These sources were important in PCE’s early years, Pepper says, in order to keep its rates competitive with PG&E’s. But now that the program is on its feet, PCE will turn its attention to closing the renewability gap in the next five years.
There are a number of factors that make the 2025 goal achievable, says Pepper. One is the sharply falling cost of renewable energy. With increasingly efficient technology for wind and solar generation, experts say the price of renewables could sink from $0.04–$0.06 per kWh to $0.03—a full $0.02 cheaper than fossil fuels—by next year.
A second factor is new renewable energy projects, such as the Wright Solar Facility, which are being built for PCE. Overall, the agency says it has contracted for over 300 MW of solar energy, enough to power more than 150,000 San Mateo County homes. Another 13,000 houses have rooftop solar, which reduces the power load PCE must supply.
Still, there will be challenges to reaching the target, said Pine. One major hurdle will be providing renewable power at night, when no solar energy is being produced.
“No one has quite figured this out yet,” Pine said. “At a statewide level, the idea of having 100% renewable energy 24/7 is really an unsolved equation.” Solving that problem will involve finding ways to store large amounts of solar during times of excess, which Pine said will be “a big future initiative.”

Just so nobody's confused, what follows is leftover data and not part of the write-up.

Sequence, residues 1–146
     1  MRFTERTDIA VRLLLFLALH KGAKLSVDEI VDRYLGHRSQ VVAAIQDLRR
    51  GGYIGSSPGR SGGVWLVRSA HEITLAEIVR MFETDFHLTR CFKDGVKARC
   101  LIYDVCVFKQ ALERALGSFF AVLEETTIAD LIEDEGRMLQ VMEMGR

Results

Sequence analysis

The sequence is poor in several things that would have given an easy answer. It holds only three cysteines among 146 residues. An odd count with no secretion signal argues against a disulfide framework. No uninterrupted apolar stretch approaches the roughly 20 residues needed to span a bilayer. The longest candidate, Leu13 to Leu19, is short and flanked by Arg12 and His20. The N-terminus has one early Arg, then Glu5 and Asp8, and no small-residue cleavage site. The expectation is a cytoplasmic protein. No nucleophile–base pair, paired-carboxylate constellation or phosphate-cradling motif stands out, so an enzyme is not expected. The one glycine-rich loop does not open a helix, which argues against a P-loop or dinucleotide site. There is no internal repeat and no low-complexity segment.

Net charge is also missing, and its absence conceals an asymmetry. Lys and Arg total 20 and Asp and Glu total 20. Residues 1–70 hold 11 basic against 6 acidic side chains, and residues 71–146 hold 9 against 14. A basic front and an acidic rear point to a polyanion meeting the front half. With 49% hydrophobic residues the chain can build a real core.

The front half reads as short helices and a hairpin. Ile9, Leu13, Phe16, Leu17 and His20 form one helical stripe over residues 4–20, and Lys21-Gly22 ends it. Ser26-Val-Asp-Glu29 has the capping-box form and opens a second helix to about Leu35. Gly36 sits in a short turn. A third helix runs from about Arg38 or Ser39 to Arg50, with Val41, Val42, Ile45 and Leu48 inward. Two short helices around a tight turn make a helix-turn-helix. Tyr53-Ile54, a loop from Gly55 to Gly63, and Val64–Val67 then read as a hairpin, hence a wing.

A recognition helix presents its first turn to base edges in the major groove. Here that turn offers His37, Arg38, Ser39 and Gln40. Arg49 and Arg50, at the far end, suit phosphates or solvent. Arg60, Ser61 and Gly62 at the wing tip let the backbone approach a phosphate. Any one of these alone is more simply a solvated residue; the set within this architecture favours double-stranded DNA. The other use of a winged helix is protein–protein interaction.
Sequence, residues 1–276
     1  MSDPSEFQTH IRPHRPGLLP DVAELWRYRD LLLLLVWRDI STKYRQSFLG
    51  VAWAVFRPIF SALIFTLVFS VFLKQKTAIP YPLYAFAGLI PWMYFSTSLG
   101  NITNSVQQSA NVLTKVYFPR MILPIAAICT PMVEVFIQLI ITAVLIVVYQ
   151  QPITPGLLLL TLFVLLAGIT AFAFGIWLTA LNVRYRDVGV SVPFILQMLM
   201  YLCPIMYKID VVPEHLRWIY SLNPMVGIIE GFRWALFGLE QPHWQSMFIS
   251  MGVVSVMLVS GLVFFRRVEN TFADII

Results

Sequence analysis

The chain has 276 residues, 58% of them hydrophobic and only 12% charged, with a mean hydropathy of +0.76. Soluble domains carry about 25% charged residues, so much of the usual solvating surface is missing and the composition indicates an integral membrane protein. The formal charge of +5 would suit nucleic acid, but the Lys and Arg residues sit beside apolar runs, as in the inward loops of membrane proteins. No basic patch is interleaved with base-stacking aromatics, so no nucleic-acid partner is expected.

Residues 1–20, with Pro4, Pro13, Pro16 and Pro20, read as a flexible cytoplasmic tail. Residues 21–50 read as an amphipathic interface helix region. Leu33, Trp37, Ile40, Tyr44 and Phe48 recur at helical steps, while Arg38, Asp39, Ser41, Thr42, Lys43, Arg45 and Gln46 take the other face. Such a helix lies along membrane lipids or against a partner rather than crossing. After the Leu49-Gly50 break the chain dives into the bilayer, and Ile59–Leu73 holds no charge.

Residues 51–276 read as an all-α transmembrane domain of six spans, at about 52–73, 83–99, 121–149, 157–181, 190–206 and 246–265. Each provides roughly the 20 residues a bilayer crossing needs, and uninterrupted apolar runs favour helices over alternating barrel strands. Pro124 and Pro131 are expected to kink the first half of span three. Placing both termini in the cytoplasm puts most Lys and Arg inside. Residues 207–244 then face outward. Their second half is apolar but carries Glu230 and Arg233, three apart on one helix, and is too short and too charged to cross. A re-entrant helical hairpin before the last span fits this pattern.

PCE’s movement toward a renewable grid is a major piece of San Mateo County’s overall sustainability goals, said Jim Eggemeyer, the county’s sustainability director. In mid-September, the county declared a climate emergency, which came with a call to reach zero emissions—including an emissions-free grid—ahead of California’s 2045 target.
But the push for renewable power isn’t just about the county, Eggemeyer said. Though PCE buys clean energy for local residents, not all those “green” electrons go to local homes. Instead, they go into the power grid for California and other Western states, helping make that larger grid more renewable.
“The way I look at it is, ‘Sure, we can look at it in numbers relative to San Mateo County,’” Eggemeyer said. “But it’s really about helping all of California.”
Besides cleaning up the grid, PCE is also contributing to sustainability in other ways. As a not-for-profit public agency, it invests all excess revenues in community projects, including incentives and charging for electric vehicles, and most recently, a $10 million plan to buy solar backup batteries for medically vulnerable residents in light of recent PG&E power shutoffs.
PCE’s accomplishments, Pine asserted, speak to the power of having a local agency that is solely focused on greenhouse gas reduction.
“Peninsula Clean Energy is the foundation for our efforts to reduce carbon emissions in San Mateo County,” said Pine. “We’ve been extremely successful with respect to energy. Now we have to move to the other big emitters: transportation and buildings.”